Know that babies often “cluster-feed”. Breastfed babies tend to have a few feeds one after the other, and then a long gap or two, and then a few feeds closer together again. This is especially true for that late-afternoon/early-evening period when they are “stocking up their little pantries for the night-time stint”. Sometimes you are hungry enough to want to eat horse, and other times you hardly want to eat anything. Babies are the same. Let them do what their little bodies need to do (obviously within reason, for instance: do not let a jaundiced, sleepy baby go for hours on end without feeding. Always make sure baby is gaining well..) Try not to let a breastfed baby go for longer than 3 hours without feeding during the day, but if they want it sooner, by all means go right ahead and feed. It is very normal for breastfed babies to want to feed after 2 hours or even sooner, since breastmilk digests in about one and a half hours. But within a 24 hour period breastfed babies need less milk than formula-fed babies because breastmilk is so perfect.

To increase supply, do “switch-nursing”. This means to go back-and-forth between each breast during a feed. This can be up to 10-12 times per feed! It sends a strong message to the breasts to increase milk production. Did you know that according to recent breastfeeding research: the ‘emptier’ your breasts are when you breastfeed, the faster they start to produce more milk, and the richer that milk is?? That explains why, while I was advising a mother of fully breastfeeding triplets, her breasts always looked soft and ‘empty’ to me (even to the point of looking ‘wrinkled’, yet her three babies were each gaining between 350g to 500g per week – and she was demand-feeding these contented babies!

Listen to your baby’s swallowing. You can start to learn what a good feed sounds like. During active feeding it should sound like an “uh” sound for every 1-2 sucks. This swallowing sound will also increase and decrease during the feed depending on where in the feed you are, and whether your milk has just let down (again) or not. But there will also be periods of ‘non-nutritive’ suckling during the feed, which is normal and necessary to help stimulate milk supply. Let your baby suckle! Simply stroke baby’s head if it looks like they’ve fallen asleep, which usually gets them suckling again.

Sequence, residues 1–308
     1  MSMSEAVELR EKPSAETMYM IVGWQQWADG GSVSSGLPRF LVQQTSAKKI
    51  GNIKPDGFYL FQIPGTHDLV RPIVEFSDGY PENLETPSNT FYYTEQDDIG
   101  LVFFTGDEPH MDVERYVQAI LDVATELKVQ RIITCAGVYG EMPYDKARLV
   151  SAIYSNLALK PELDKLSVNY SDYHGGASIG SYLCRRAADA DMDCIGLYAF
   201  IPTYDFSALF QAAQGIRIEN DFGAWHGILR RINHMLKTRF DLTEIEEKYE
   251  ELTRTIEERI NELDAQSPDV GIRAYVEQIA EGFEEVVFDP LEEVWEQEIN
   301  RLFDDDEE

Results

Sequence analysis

By the way: it is not easy to hear the “uh” swallowing sound before your milk comes in during the first few days, so don’t stress! The teaspoon or two of Colostrum that your baby gets per feed during those first couple of days is more than enough for your baby’s marble-sized tummy at that time! 5ml of Colostrum is equal to 30ml of artificial milk (formula) or mature breastmilk, so no need to feel that there isn’t enough! Let nature take its course and don’t interfere unless medically indicated.

Be careful of taking certain cold and flu’ medicines. Certain medications can drastically slow down or stop milk production. Let your doctor or pharmacist know that you’re breastfeeding. Or boost your immune system by increasing your vitamin C, fruit and vegetables in your diet (especially leafy greens). At the first sign of a cold, cut dairy (which makes a lovely mucous bed for the bugs to grow) as well as sugar (which depresses your immune system for up to 5 hours). If you do this, you will probably find that you may not even need medication as you’ll help to starve the problem before it gets out of hand.

Slow down! Stay home more. Get enough rest/sleep! Take the phone off the hook & keep visitors at bay when you’re tired! You and baby are your first priority. Take care of you first! Ask your hubby to help be the ‘gate-keeper’ of your family.

Don’t give up breastfeeding! Get qualified to help. Go with the flow and enjoy your baby!

(C) Yulanda Ridge

About the author:

Yulanda Ridge, IBCLC, RLC

(International Board Certified Lactation Consultant)

Yulanda has been helping moms and babies since 1995 with regards to breastfeeding. A married mother of 3 with some nursing background, Yulanda currently works as a Lactation Consultant in Private Practice.